A big part of what makes Kunai so great comes from the fact that Tabby is just so fun to take control of.

When you start the game, you’re only equipped with a jump and can’t do much, but eventually you’ll find yourself with a katana ready to shred everything in your path, and that’s not even where things get most interesting in this Metroidvania that highlights exploration.

Why Should I Care?

After a few minutes of running around and killing evil computers, Tabby will come across the kunai. For those crazy about all that ninja stuff, the kunai in the game aren’t really throwing knives. In this game, they’re grappling hooks, and you’ll eventually find yourself swinging across the game’s expansive maps as Tabby like you’re a sword-wielding Spider-Man.

This is truly what sets the game apart from the rest of the genre. Grappling hooks are nothing new, as we’ve seen them in the likes of games like Metroid and even The Legend of Zelda used in innovative ways, but Kunai‘s pacing allows you to believe you’re actually improving as you venture through the game.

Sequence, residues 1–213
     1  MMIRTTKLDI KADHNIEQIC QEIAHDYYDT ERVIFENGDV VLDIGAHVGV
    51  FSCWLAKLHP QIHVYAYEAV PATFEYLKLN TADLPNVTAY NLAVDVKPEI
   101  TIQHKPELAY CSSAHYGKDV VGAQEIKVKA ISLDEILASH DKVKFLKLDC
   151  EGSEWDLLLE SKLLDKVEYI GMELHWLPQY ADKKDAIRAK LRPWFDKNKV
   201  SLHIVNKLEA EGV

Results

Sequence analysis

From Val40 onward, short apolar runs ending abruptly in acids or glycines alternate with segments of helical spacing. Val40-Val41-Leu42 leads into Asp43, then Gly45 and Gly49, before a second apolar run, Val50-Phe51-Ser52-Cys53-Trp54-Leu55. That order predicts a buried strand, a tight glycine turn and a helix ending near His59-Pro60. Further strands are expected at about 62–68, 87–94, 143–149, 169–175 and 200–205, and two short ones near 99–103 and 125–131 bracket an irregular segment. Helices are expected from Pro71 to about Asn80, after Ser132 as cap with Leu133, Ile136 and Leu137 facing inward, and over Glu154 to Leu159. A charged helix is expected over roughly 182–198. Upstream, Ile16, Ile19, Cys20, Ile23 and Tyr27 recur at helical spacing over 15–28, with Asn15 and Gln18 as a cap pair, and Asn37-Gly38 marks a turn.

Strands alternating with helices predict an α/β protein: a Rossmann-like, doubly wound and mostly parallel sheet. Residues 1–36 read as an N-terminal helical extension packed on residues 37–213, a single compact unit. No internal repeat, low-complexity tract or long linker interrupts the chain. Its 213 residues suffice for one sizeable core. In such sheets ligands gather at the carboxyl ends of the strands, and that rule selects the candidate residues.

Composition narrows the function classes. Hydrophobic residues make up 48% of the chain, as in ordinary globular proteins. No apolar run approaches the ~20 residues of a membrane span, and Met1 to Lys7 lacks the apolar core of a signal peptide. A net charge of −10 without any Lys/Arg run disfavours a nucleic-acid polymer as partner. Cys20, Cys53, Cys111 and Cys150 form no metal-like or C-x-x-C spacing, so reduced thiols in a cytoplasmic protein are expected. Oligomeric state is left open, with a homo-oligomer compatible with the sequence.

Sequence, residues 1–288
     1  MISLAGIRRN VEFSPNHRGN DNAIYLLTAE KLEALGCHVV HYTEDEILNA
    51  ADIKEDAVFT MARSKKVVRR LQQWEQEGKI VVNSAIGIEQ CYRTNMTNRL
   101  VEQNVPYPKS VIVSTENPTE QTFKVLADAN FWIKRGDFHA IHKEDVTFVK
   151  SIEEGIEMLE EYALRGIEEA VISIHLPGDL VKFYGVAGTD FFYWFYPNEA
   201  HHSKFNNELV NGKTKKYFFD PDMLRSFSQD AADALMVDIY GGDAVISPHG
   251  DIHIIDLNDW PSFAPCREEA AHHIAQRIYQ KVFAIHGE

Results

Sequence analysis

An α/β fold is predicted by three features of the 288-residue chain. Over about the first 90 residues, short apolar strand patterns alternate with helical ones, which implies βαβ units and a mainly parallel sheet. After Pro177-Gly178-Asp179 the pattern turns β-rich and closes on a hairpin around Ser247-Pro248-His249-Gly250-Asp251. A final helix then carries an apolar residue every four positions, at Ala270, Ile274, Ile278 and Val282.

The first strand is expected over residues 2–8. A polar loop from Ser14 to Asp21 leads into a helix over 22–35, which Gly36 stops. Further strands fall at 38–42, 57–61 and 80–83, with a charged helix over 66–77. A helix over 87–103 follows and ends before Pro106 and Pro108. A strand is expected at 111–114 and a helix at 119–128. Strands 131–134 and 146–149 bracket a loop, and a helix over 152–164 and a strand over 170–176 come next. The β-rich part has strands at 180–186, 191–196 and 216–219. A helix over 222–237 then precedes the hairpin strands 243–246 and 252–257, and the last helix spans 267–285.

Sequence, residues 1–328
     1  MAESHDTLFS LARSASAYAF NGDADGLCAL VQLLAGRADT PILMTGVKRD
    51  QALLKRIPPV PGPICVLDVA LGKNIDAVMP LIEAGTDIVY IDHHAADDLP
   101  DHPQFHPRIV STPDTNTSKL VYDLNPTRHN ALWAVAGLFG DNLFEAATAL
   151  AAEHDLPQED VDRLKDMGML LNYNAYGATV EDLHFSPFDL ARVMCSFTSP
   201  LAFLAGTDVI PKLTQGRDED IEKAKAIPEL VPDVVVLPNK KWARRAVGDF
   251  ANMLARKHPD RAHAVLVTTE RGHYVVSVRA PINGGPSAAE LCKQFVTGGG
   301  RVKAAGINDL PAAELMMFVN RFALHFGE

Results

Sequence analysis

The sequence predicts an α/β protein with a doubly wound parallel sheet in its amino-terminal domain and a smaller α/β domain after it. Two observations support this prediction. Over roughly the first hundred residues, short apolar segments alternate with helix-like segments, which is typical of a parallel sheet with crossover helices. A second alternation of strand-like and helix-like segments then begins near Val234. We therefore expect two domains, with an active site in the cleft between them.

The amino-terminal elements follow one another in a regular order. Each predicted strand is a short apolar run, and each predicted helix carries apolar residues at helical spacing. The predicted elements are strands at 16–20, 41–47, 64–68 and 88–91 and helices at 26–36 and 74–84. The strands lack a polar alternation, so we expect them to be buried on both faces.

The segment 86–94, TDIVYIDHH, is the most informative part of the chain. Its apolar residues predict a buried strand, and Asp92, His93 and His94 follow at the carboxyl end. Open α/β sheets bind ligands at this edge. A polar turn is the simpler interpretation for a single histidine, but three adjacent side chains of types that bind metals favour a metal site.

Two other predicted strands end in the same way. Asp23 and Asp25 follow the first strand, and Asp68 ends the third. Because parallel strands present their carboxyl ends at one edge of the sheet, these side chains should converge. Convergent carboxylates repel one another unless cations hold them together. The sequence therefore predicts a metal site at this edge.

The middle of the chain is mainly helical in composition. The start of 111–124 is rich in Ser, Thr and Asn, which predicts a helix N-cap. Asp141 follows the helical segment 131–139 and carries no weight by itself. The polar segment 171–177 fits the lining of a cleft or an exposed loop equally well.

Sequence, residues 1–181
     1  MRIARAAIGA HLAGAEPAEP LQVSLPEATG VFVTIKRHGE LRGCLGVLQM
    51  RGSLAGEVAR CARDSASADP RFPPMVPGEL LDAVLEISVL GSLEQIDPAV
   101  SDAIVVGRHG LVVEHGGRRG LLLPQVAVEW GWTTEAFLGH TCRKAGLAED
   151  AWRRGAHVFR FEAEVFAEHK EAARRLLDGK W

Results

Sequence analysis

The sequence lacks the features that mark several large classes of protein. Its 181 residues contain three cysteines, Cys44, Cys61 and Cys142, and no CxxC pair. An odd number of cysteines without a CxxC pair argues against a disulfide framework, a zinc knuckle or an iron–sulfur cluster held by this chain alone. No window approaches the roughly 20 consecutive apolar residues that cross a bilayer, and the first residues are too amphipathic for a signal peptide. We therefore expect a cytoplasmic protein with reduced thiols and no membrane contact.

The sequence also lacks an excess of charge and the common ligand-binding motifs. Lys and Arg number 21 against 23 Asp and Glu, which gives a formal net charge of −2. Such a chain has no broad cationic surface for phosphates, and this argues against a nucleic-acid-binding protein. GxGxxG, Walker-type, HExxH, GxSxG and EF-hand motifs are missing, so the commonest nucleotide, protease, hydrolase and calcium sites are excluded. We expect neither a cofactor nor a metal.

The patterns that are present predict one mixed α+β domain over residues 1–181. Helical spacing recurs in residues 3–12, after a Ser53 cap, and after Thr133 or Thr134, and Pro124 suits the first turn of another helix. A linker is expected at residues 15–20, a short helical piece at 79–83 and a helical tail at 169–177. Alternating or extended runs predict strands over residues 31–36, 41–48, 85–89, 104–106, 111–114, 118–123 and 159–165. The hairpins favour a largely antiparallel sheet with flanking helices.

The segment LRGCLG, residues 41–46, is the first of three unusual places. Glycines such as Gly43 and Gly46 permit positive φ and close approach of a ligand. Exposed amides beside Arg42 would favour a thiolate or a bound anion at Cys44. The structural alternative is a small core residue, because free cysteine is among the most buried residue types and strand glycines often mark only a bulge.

Grapplings hooks have to feel good, and they’re just soothing in Kunai.

Like any other Metroidvania before it, there’s a map to that shows areas you’ve already been in, in addition to closed off areas that you can’t necessarily get to yet. In 2D or Metroid or Castlevania games, where for the most part you’re grounded, it’s pretty satisfying having Tabby use his grappling hook to scale walls filling as much map as possible. As a nod to games of the past, there are also a whole bunch of secret rooms that you can’t see on the map that hide useful loot like heart pieces to expand your health bar.

Aside from just the execution of exploration, part of what makes going from area to area so captivating is the game’s simplistic visuals. At first, they don’t feel look like anything special. They honestly look like a more realized version of Tiger Electronics toys for anybody that remembers those, and as your eyes get used to them, they just look like games being played on the Super Game Boy or Game Boy Color. Every area feels different primarily because of a slight change in pigmentation, but it also gives it a unique sense of style. All you really need to know is red is bad–kill anything red.